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Änglagård - Hybris CD (album) cover




Symphonic Prog

4.37 | 1597 ratings

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4 stars During the 1980s, good symphonic prog (or even any at all) was a rare find. There are a few gems, of course, such as BACAMARTE's "Depois Do Fim," but for the most part these albums were undermarketed and overlooked. Prog in the 1980s had been mostly overshadowed by the recent trends of punk, hair metal, synth-pop and new wave bands.

Perhaps what was truly necessary for a resurgence of symphonic prog in more mainstream prog circles was the familiarity of '70s instrumentation. ÄNGLAGÅRD, Swedish for "Garden of Angels," did exactly this: stayed true to symphonic prog's roots by using vintage keyboards and similar compositional techniques. But while ÄNGLAGÅRD certainly has influences from classic symphonic prog bands, especially KING CRIMSON, GENESIS, and a number of Italian Prog bands, they created something very new with Hybris.

ÄNGLAGÅRD mostly writes mini-epics, ranging between eight and fifteen minutes. While the length of these pieces might cause one to expect meandering, aimless compositions, each of ÄNGLAGÅRD's works is a very tight, one or two-movement piece that seems quite a bit shorter than it actually is. "Hybris," unlike "Epilog," contains the vocals of Tord Lindman, which, unlike other reviewers, I don't find to be a weakness in the music at all. Lindman sings Swedish lyrics with a delicate and pleasant voice somewhat akin to that of Jon Anderson. The vocal sections of "Hybris" are one of the factors that makes this album considerably more accessible than "Epilog," not because of the vocals themselves but because the music during vocal sections is considerably more digestible than the rest of the music on the album. Still, "Hybris" is a predominantly instrumental album, with only about five or six minutes of vocal sections.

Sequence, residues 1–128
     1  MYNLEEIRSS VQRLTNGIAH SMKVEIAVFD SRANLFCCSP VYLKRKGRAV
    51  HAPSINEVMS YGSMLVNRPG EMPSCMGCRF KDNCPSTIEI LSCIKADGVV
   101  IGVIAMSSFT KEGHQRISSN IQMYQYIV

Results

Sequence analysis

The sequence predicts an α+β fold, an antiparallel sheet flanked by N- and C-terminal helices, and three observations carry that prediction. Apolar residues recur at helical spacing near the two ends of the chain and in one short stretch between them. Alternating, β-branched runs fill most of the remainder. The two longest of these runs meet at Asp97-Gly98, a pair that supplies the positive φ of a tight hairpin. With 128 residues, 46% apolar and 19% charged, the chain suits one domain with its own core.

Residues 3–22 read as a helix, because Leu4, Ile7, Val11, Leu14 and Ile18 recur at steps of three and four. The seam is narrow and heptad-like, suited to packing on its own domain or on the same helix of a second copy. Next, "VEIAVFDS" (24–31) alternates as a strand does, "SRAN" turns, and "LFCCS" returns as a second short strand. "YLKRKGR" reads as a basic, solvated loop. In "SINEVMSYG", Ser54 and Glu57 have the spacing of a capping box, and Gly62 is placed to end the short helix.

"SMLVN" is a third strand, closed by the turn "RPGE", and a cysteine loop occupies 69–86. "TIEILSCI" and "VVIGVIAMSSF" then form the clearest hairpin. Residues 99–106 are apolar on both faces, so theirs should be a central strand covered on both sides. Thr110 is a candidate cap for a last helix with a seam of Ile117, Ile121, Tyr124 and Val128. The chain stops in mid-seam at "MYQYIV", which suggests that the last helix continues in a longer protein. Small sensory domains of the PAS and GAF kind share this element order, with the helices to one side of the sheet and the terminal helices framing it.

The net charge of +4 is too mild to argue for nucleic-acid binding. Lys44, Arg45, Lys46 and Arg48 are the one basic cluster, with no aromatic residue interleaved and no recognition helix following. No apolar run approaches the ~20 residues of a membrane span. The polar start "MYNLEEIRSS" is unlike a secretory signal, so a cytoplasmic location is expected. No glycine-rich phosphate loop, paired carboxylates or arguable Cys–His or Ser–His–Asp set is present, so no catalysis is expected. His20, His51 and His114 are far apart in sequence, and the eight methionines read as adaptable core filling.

The comparison of "Hybris" to GENESIS' works is mostly due to the similarities in instrumentation. "Hybris" includes vintage '70s keyboards along with flutes and classical guitars. The comparison to King Crimson is mostly due to the rhythmic intensity of the music. But I would argue that ÄNGLAGÅRD's music is even more rhythmically complex than KING CRIMSON's, only being matched by the music of GENTLE GIANT in that respect. The number of time signature changes per composition typically lies in the double digits, which makes the music extremely unpredictable and challenging.

"Jordrök," or "Earthsmoke," is the album's first track, and is completely instrumental. I was new to ProgArchives when I first heard this track on the site's audio download (now streaming audio) feature. From the first listen, I was under the impression that the audio available was a .MIDI file, and only through exposure to other bands' music via ProgArchives did I realize that this track had an extremely precise and almost mechanical piano introduction. Many fans consider this to be ÄNGLAGÅRD's best work, and indeed, this is the track I would suggest to others to get an idea of what this band is all about. This track, although completely instrumental, contains a great deal of variance, and somewhat serves as a midpoint between their later work on "Epilog" and the rest of the music on "Hybris." The latter section of this piece contains dynamic variation that truly must be heard to be understood.